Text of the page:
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The Manhattan District Attorney election

The District Attorney for Manhattan is an important position because that region covers the main financial district in the US and thus the DA can prosecute wrongdoing by the financial giants. The position is an elected one and the current occupant Democrat Cyrus Vance, Jr. has long had a reputation for treating wealthy and powerful people leniently, especially those who happened to contribute to his election campaigns like Harvey Weinstein and the Trump family, while going hard after poor and minority communities. In the last couple of years he has changed course slightly and been investigating Donald Trump’s financial interests, convening a grand jury to present evidence and possibly seek indictments. He has announced that is not running for re-election this year and this has led to a scramble to replace him, with eight candidates.
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The need for double-blind methods in police lineups

One of the methods that police use to identify people they suspect may have committed a crime is to put them in a lineup with other people and have eyewitnesses pick them out. But Laura Smalarz writes that the way this is often done is fraught with problems.

On the strength of six eyewitnesses’ lineup identifications, Lydell Grant was sentenced to life in prison in 2012 for the murder of a young Texas man, Aaron Scheerhoorn, who was stabbed to death outside a Houston nightclub in 2010.

All six of those eyewitnesses were wrong.

Thanks to the work of the Innocence Project of Texas, new DNA testing on biological material collected from underneath the victim’s fingernails cleared Grant and implicated another man, Jermarico Carter, who police said confessed to the killing. Carter has now been indicted for the murder by a grand jury, and Lydell Grant was released from prison.

But faith in eyewitnesses runs so deep that despite the overwhelming proof of Grant’s innocence, the Texas Court of Criminal Appeals initially refused his exoneration request. Instead, they asked that the six eyewitnesses who originally testified against Grant respond to his claims of innocence. Finally, almost a year later, the Texas Court of Criminal Appeals declared Grant “actually innocent” on May 19, 2021.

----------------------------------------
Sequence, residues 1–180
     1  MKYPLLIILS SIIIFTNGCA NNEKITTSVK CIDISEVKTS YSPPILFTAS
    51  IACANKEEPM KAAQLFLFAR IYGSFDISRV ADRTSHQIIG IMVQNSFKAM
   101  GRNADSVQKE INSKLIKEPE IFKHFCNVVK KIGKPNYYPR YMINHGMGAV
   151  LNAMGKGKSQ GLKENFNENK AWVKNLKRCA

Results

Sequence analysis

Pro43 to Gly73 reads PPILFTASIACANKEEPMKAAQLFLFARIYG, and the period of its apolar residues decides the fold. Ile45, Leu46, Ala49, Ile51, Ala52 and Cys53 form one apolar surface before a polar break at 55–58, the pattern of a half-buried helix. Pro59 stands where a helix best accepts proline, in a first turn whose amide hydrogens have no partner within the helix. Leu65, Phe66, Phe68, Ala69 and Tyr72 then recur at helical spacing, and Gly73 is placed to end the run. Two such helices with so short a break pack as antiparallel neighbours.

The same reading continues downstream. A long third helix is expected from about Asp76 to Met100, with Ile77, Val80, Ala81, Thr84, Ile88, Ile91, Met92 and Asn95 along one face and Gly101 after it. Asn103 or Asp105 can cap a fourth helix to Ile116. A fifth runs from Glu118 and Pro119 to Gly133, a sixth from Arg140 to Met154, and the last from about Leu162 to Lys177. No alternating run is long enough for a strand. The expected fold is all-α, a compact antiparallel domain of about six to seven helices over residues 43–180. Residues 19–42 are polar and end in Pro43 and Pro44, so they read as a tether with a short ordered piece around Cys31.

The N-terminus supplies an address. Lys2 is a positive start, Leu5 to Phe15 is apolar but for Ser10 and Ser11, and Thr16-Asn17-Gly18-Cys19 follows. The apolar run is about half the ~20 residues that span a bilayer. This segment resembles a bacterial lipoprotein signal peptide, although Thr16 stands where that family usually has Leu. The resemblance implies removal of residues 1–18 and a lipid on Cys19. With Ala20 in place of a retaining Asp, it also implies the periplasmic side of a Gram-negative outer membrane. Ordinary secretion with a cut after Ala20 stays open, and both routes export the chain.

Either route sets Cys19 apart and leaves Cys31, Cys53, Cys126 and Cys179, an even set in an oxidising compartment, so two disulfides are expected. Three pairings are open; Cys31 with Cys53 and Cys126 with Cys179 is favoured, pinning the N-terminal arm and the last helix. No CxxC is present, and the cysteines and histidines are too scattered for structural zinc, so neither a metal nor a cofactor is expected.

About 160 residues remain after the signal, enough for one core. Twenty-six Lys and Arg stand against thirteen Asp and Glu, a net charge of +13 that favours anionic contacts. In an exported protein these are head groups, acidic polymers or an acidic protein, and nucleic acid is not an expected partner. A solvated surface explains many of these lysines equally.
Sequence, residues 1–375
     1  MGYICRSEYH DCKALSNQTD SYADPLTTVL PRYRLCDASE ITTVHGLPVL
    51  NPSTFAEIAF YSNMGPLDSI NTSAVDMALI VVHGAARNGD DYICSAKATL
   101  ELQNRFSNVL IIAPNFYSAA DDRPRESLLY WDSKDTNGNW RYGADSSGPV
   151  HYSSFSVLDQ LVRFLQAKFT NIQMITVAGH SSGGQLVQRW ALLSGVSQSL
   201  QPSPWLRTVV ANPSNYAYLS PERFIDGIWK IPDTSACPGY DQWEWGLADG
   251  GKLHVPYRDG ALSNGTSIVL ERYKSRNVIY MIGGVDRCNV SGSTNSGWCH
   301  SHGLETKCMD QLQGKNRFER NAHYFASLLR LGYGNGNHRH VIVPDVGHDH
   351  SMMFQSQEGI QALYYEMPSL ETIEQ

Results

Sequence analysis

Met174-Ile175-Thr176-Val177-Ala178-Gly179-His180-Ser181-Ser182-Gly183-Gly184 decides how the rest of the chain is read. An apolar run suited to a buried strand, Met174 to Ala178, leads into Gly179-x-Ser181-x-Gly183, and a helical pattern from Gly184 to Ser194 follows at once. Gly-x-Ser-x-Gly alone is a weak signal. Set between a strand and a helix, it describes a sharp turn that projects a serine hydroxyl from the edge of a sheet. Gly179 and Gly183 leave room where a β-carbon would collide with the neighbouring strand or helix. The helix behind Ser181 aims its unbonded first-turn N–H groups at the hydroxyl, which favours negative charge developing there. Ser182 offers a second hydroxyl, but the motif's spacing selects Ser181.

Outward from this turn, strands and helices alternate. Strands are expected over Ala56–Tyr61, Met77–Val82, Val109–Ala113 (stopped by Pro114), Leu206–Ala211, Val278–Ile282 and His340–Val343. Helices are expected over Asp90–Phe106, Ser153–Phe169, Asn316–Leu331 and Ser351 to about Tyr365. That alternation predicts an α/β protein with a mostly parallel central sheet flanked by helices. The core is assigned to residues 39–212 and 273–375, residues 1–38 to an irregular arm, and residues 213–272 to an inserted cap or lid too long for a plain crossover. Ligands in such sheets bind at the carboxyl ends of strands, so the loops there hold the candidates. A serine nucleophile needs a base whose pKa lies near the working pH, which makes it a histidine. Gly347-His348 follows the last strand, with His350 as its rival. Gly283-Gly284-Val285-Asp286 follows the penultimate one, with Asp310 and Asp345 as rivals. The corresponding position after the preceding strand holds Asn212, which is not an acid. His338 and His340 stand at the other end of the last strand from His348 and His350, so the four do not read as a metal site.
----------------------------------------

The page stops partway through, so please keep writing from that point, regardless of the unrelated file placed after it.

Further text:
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A dangerous police tactic

I was not aware that the police learn a technique known as the precision immobilization technique (PIT) by which they can cause another car to go out of control and even flip over. You would think that such a dangerous maneuver would be used only in extreme situations when it is essential that the car be stopped and there is no other alternative. But we see in this case an Arkansas state trooper doing this to a car that it had targeted for speeding and which had slowed down down and turned on its flashers when it saw the police lights, a sign that the car driver was planning to stop and was looking for a safe place to do so. But after waiting less than two minutes, the police did the PIT maneuver and as a result, the car flipped over. It turned out that the driver Nicole Harper was pregnant.

Watch.
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The curious business of process serving

In the US, if you file a civil lawsuit against someone, that person is not legally required to respond until notice of the suit has been personally given to the person, a process known as ‘process serving’. Usually this is just a formality. There are people whose job is to serve the papers and they come to your home or office or other place where you are known to hang out and give you the papers and that’s that. The rules for properly serving the papers vary by state but there are some common general ones.
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And now, “The lies made me do it”

A second person has pleaded guilty to charges stemming from the January 6th insurrection.

A man who wore goggles and carried a Trump flag into the Senate chamber on January 6 as the US Capitol was overrun with rioters became the second riot defendant to plead guilty on Wednesday, setting the tone for what may come as more of the hundreds of cases head toward being resolved in court.

The obstruction charge he has pleaded guilty to carries a maximum 20 years in prison, though judges almost never sentence defendants to the maximum amount.

Still, the resolution of Hodgkins’ case sends a signal for other riot defendants that prosecutors may not be willing to significantly reduce charges for those who entered the Capitol building.

Many of the Capitol riot defendants are already engaged in plea talks, and, as is typical in the criminal justice system, a large proportion are expected to plead guilty.

Previously, the Justice Department cut a deal for an Oath Keeper founder to cooperate, the first plea deal in the insurrection investigation.